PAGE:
Simpson is the cop who attempted to kill Trish Walker earlier in the season. He’s also has access to a safe house where they can sequester Kilgrave away.
It’s a particularly resonant moment because the person in question was thrown overboard in AKA It’s Called Whiskey (no spoilers here!)
This is a cool episode that goes a little bit into Jessica Jones’ stint as a superhero (and I think that this is the first time that I can recall that a female character says ‘camel-toe’)
The title of this episode, AKA The Sandwich Saved Me, is to be taken literally.
Tonally, Marvel’s Jessica Jones is heavier than Marvel’s Daredevil, but that being said, it’s somehow more watchable. I can easily see myself re-watching this relatively soon, while I am just getting to the point that I want to see the devil of Hell’s Kitchen’s first season again.
This is an important episode. It’s not as Kilgrave-centered (though even when he’s not present, he’s present) as the prior three episodes and revolves around another case that Jones has accepted.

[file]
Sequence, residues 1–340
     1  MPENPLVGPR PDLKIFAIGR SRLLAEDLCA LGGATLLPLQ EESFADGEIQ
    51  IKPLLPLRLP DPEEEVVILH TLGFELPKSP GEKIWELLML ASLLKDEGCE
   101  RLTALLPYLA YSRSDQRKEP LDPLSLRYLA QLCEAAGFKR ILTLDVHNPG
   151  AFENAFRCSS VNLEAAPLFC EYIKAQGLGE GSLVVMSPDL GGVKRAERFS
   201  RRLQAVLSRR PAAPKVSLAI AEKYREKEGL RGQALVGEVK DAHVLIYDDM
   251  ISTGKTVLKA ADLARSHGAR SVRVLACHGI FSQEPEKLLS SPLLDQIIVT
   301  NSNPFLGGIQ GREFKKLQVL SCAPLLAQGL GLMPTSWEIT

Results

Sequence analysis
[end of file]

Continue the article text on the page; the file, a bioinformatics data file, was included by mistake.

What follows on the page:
She also solves the mystery of who it is that’s been supplying Kilgrave with pictures of her, and the answer hits pretty close to home.
The title: AKA 99 Friends revolves around the number of people that have abilities like Jessica Jones, a number she pulled out of her ass (though with good reason).
Jessica Jones gets closer to Luke Cage, and thinks that she knows a way to nullify Kilgrave’s abilities, so she tries to enlist the aid of various people in her life.
Which, it goes without saying, doesn’t quite go as planned.
This episode is also the first time we hear Cage say “Sweet Christmas,” and it’s awesome (and warranted).
We also learn that Jessica Jones isn’t above sacrificing those that she cares about in the name of a greater good.
The title, AKA It’s Called Whiskey refers to Jessica Jones’ use of the stuff as a coping mechanism.
Jessica runs into Kilgrave, and we learn her heretofore unknown connection to Luke Cage (there’s some dialog that mimics that from Avengers: Age of Ultron, but I’m putting that down to coincidence).
There’s a curious Invasion of the Body Snatchers-quality to the people under Kilgrave’s influence, in that there’s no reasoning, no suasion or quarter given.
Instead there’s a mindlessness to them that’s very interesting.